Diving and flying, the precautions to take!

Published on : 07 July 20202 min reading time

An activity appreciated by travellers, the exploration of the world of silence is practiced in the four corners of the globe. The tight schedules of our holidays sometimes encourage us to dive at the last minute. But be careful, if a certain delay is not respected between the last dive and the climb in the plane, you risk a decompression sickness!

Can we really dive before we fly? Here is a reminder of the basic rules of caution.

The pressurization of an aircraft’s cabin generally corresponds to an altitude between 1800 and 2200 meters. If the body still contains nitrogen (gas that is absorbed during a scuba dive) during the air journey, the body can no longer evacuate it at this height.

As a result, nitrogen bubbles may form in the body and block blood flow. Decompression sickness has four symptoms: tingling, cramps, suffocation and collapse (circulatory distress involving rapid pulse, sweating, intense thirst, anxiety, agitation or prostration).

To treat it, the patient must be given oxygen by mask, cardiac and respiratory resuscitation, and then evacuated to a specialized centre. Before boarding the plane, it is therefore essential to respect the following rules:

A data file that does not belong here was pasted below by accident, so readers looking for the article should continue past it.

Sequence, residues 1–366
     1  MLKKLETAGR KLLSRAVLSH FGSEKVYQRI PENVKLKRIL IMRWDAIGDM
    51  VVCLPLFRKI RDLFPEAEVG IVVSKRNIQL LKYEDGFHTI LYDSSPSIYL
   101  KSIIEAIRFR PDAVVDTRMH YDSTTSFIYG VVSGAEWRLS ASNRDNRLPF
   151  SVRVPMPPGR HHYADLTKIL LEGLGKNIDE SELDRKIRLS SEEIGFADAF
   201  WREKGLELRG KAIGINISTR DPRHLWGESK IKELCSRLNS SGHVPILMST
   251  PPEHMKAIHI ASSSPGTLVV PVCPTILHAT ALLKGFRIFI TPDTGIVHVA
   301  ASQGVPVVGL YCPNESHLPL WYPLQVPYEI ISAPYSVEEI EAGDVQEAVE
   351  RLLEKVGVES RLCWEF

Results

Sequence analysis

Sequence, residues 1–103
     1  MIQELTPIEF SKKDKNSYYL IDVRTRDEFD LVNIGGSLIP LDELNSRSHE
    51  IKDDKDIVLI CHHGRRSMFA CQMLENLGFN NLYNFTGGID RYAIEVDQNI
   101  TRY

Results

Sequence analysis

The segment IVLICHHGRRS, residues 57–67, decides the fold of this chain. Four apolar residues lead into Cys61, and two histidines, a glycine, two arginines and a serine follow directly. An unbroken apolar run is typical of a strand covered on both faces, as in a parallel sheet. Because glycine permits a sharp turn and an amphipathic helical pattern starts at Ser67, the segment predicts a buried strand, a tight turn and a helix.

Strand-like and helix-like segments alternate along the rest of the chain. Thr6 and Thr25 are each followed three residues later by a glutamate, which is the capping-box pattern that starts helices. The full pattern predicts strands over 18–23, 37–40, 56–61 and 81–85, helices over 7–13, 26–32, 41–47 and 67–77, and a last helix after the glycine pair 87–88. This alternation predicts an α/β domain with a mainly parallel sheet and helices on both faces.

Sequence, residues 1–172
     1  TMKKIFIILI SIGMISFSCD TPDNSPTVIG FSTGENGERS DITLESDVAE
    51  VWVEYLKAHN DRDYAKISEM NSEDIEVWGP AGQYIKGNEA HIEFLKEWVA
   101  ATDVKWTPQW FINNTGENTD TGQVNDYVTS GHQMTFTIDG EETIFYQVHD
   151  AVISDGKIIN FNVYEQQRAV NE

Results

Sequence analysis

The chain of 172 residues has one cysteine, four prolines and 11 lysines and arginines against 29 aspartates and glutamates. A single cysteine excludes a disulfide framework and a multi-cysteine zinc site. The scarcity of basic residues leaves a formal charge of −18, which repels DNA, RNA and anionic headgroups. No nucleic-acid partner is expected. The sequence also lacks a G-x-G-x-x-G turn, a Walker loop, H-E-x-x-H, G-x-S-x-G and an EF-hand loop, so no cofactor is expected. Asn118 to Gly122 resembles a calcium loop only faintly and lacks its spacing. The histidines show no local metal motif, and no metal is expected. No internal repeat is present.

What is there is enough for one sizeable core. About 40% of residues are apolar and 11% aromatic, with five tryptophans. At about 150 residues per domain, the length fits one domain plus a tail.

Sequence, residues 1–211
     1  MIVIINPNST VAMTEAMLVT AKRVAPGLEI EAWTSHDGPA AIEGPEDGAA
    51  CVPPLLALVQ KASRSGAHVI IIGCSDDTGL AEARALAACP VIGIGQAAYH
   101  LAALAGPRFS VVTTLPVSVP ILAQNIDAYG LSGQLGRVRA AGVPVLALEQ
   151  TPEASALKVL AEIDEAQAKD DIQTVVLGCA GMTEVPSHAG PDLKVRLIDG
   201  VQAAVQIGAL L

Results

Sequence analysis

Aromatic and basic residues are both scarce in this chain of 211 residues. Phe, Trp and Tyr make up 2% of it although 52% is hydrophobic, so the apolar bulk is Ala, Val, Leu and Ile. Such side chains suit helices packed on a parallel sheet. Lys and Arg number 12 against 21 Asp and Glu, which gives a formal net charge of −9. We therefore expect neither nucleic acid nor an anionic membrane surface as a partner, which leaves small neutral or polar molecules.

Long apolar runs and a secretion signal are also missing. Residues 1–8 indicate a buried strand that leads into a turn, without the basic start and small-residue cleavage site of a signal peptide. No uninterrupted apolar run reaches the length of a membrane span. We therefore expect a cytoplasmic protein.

-Wait 12 hours after a dive lasting less than 2 hours.

-If you dive several times during the day, the minimum time limit is 24 hours.

This 24-hour time limit must also be respected in the case of deep diving (more than 15 meters).

– Celebrating after a dive is strongly discouraged if you plan to fly the next day.

-One of the effects of alcohol is dehydration, which increases the risk of developing decompression sickness

Our advice: To avoid any risk of decompression sickness, respect an inviolable 24-hour delay between your last dive and getting on the plane.

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